This installment of an ongoing short news items feature included brief looks at the economic malaise of 1974 and a Midwestern drought that diminished the harvest.
Unemployment, the energy crisis, monetary confusion—nothing was going right during the economic malaise of the mid-1970s.
The following collection of brief news items was drawn from multiple sources.
President Ford means well and, of course, everyone in the nation hopes that he can pull an economic miracle rabbit out of his hat. But don't count on it. Economics is one of Ford's weakest subjects, former Presidents Johnson and Nixon have left the U.S. dollar completely drained of any "hard" backing, the world monetary situation daily reaches new heights of confusion, and changing weather patterns (coupled with ever-rising population and demand for food and fiber) point only to compounded shortages and disruptions in the near future. The tough times—on a global scale—are not over, and there's little that Ford or anyone else can do about it. In this country, look for more inflation, rising unemployment, stopgap government "cures" that generally do more harm than good, and other economic ills during the coming months.
Despite the small amount of relief offered to farmers by a few late summer rains, this year's scant moisture and blistering heat has taken its toll throughout the Midwest. The U.S. Department of Agriculture now estimates 1974's corn crop at only 4.96 billion bushels, 12% below 1973's 5.64 billion bushels and near two billion bushels less than the USDA's spring forecast. As a result, look for higher beef and pork prices next year and pressure on the federal government for export controls on U.S. grain.
Seattle environmentalist Douglas Scott wants to name each reeking oil spill that befouls Washington State's shoreline in the future... after one of the state legislators who recently voted to let petroleum tankers into Puget Sound!
Land prices—at least the prices of large tracts near North Carolina's Smoky Mountains—are suddenly softening after years of steady hikes. The reason? Speculators who have insanely bid up such property in hopes that they could eventually subdivide it and cover the lots with condominiums and ski reports now find that the necessary financing simply isn't available. So—in the middle of continued general inflation—we have an isolated case of deflating values. Look for such spot disruptions in your area. Perhaps that farm you want isn't out of reach after all!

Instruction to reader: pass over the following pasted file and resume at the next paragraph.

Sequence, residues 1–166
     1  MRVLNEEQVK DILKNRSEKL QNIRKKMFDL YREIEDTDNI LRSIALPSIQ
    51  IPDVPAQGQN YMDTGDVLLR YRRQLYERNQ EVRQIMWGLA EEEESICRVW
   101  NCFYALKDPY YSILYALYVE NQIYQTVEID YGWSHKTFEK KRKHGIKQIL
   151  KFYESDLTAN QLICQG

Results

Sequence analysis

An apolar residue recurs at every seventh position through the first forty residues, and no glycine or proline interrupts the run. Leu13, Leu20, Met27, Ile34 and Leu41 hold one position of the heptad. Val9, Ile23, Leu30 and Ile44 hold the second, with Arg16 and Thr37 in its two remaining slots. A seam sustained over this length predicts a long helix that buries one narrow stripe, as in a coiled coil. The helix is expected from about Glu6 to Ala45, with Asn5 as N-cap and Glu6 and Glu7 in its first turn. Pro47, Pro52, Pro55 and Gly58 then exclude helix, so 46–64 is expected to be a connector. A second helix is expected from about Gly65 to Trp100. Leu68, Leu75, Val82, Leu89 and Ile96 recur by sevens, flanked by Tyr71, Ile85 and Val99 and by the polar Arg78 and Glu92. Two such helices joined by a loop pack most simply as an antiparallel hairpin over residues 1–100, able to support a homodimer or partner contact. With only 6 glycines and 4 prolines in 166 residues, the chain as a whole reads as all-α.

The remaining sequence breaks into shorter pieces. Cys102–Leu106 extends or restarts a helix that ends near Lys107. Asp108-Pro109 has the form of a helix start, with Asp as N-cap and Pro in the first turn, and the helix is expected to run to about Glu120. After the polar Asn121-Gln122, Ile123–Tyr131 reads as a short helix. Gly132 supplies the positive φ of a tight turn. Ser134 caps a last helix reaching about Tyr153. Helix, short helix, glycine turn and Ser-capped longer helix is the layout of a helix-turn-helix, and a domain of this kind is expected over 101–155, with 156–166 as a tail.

Stock up now on antifreeze. Its main ingredient—ethylene glycol—is in short supply (because manufacturers can make more money selling it to the polyester fiber industry). Result: The $1.75-$2.50 antifreeze of last year will soar to $4.00 or more this coming winter if it's available at all.
Albert E. Sindlinger, who circulates a private letter to 300 ultra-plush subscribers (U.S. Trust Co., General Motors, the White House), has—for the first time in 26 years—bluntly predicted a depression, according to New York magazine. "By the first half of 1975," says Sindlinger, "we could have 8 to 9%, unemployment, big salary cuts, and a crash in the stock market." Sindlinger, by the way, has taken his own words to heart and sold all his personal stock holdings and put the cash he received in a safe-deposit box. He says, "I'd be a damn fool if I didn't." Sindlinger, of course, is not alone. David Rockefeller, President of Chase Manhattan Bank (one of the most important in the world), forecasts "at least a few bank and industrial failures in the next six months" and "the possibility of a panic".
As Paul Ehrlich has pointed out, this is a good time to sever every unnecessary tie that might prove uncomfortable when and if the worst comes to pass. Stock up on food, simplify your needs, learn to do more for yourself, become more self-sufficient. But then, that's good advice anyway, isn't it?
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